"We joke that you can't hold a bridge club meeting without Jim Bacchus showing up," said Patty Grogan, chairwoman of the Brevard County Democratic Party.

A poll a month ago paid for by Bacchus showed him leading 39 percent to 32 percent, but the survey revealed a large undecided vote of 29 percent.

The candidates

Bacchus, 41, is one of those brains-over-brawn characters, a dynamo of intellectual energy who proudly states his height as 5 feet 5{ inches. He graduated with high honors from Vanderbilt University, earned a master's at Yale University and a law degree from Florida State University.

He worked as an aide and adviser under Askew in 1974 and later served as Askew's special assistant when the former governor was chief U.S. trade negotiator.

Tolley, 56, worked for Harris Corp. for 32 years, including the past 10 as a lobbyist in Congress. He has essentially been running for this seat non-stop since 1987. He lost to Nelson in 1988, getting 39 percent of the vote. He then began running against Bacchus, who has also had his eye on the seat since 1987.

Tolley talks mostly about his 10-step plan to reform Congress and avoids elaboration of his more controversial views. He opposes abortion in nearly all cases. He wants to abolish the U.S. Department of Education, which he says has too much dead wood, and says Congress does not need to strengthen environmental laws.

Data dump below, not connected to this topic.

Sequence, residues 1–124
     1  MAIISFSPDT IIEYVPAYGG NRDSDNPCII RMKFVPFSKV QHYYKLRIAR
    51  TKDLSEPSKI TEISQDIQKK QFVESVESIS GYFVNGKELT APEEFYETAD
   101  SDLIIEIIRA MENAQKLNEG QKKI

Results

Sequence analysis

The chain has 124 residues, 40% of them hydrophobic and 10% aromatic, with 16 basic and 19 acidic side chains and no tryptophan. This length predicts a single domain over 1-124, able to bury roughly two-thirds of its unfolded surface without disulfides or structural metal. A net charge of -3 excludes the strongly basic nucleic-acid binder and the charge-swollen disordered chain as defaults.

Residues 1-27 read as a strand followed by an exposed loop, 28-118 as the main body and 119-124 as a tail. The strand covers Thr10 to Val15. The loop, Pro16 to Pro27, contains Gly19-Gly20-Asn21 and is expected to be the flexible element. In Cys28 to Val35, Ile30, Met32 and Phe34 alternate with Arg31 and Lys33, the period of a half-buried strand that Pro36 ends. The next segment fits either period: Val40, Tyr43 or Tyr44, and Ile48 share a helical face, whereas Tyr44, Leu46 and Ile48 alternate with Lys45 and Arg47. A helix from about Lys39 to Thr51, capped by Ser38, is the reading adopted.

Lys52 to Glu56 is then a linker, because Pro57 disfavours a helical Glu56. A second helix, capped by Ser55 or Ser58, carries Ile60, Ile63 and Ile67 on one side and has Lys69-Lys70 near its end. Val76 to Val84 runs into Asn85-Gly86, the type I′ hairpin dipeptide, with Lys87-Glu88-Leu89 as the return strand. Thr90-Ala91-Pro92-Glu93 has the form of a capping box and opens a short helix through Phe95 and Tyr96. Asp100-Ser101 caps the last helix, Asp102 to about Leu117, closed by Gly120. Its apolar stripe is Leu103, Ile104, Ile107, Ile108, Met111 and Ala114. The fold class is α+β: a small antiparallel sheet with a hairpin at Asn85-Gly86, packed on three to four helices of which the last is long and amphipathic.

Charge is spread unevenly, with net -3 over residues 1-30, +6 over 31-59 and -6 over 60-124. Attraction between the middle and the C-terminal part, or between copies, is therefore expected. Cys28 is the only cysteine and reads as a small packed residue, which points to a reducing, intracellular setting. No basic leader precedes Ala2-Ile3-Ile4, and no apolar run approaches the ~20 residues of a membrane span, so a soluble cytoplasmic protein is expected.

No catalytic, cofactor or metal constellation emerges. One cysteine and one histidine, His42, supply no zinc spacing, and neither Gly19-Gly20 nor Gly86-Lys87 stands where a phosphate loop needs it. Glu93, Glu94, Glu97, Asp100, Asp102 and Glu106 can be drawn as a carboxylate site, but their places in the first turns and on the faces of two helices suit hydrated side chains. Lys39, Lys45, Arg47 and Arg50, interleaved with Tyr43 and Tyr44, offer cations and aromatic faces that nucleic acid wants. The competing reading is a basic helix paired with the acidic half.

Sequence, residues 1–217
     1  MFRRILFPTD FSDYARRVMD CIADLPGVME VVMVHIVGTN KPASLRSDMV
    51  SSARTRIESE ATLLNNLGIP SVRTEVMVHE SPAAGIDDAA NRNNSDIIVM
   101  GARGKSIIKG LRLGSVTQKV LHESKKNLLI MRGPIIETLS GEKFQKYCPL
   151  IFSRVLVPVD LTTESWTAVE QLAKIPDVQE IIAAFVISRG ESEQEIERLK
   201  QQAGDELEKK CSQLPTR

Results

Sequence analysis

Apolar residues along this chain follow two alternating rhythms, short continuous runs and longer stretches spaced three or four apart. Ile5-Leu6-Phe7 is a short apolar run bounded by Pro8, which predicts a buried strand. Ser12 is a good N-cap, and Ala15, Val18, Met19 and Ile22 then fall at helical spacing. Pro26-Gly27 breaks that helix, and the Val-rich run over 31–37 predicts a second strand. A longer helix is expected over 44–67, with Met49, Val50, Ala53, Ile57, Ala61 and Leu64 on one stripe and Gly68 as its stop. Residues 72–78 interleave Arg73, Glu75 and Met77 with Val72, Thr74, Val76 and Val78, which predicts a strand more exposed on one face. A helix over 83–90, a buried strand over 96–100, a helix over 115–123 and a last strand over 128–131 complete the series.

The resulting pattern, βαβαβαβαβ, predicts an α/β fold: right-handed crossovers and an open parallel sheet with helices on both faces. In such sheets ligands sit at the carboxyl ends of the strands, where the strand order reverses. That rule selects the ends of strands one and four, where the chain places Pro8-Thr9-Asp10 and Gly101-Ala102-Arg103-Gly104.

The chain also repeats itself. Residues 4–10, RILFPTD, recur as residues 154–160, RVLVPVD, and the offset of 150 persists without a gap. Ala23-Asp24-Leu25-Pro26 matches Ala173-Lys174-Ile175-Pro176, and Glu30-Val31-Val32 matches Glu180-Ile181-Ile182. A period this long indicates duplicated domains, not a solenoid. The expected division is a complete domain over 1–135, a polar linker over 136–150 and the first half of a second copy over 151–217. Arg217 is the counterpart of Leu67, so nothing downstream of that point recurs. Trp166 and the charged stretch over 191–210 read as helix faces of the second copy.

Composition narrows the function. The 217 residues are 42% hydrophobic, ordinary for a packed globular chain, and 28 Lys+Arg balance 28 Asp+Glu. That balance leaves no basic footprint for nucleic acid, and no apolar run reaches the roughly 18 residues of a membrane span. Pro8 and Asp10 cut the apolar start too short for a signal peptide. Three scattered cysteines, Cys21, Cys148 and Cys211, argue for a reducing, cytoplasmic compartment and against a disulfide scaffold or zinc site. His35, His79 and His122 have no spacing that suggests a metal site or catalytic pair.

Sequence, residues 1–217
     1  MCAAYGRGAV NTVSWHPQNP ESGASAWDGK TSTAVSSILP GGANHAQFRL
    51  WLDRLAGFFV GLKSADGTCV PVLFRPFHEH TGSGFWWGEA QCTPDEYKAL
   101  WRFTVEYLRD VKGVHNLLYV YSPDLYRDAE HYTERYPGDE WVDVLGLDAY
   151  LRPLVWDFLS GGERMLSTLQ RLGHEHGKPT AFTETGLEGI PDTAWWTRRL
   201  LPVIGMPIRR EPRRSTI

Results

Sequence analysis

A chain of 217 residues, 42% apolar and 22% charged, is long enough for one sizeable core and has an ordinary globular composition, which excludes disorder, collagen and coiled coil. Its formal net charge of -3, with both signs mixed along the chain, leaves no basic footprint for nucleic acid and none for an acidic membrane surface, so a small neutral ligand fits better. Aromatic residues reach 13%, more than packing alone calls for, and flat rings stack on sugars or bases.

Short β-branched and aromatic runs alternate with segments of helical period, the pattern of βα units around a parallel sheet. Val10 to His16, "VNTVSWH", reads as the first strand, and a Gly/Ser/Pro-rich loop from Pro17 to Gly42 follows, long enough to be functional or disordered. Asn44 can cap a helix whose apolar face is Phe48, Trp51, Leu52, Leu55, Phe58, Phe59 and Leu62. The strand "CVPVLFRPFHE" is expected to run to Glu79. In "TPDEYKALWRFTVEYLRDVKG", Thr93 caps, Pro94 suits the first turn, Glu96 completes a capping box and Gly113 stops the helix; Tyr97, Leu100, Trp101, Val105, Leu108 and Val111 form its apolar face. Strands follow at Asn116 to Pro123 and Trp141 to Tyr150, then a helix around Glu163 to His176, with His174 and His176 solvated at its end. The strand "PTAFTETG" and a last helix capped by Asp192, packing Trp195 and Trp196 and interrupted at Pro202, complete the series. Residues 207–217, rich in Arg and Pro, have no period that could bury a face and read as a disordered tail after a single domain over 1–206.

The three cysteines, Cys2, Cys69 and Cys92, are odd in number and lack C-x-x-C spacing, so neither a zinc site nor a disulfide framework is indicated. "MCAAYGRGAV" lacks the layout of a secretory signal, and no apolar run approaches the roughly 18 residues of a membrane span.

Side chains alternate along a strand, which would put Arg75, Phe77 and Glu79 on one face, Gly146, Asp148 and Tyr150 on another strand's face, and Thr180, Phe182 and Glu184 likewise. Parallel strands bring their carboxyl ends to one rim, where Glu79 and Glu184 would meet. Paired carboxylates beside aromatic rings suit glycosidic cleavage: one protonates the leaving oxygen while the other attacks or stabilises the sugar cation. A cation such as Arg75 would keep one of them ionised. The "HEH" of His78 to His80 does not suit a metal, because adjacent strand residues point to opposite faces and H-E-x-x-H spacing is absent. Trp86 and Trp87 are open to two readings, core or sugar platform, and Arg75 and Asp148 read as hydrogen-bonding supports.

His reform ideas include cutting congressional staff size in half, capping service in the House at five terms (10 years) and in the Senate at two terms (12 years), ethics reform and limiting campaign expenditures.

Sounding like an incumbent, he avoids engaging his Democratic opponent in direct combat.

"I'm running my campaign on my vision of what America's all about, and Bacchus can run his campaign on whatever he wants to," Tolley said. "I am not running against a person."

When Tolley said during a recent debate that "I'm from Main Street, U.S.A.," Bacchus jumped on the offensive.

"Bill Tolley's parading as a moderate from Main Street today, but the truth is he represents a narrow point of view of a very few people who live in this district," Bacchus said. "They want to impose their way of thinking on all the rest of us."

To reinforce that view, Bacchus began running a TV ad this week asserting Tolley is "on an extremist crusade to eliminate the Department of Education, endanger the environment and ban all abortions, even in cases of rape or incest."

Tolley, with less money than Bacchus, has aired ads promising to cut dead wood in Washington.

Bacchus has won the endorsement of two major newspapers in the region, the Orlando Sentinel and Florida Today of Melbourne. But he has yet to show that he can persuade all of those Republican voters to cross over and vote for a Democrat.

Both campaigns say the race is close.

On Tolley's side is the Republican majority in voter registration and the fact that he lives in Brevard. With an edge in money and TV ads, Bacchus portrays the election as "a choice between the mainstream and the extreme."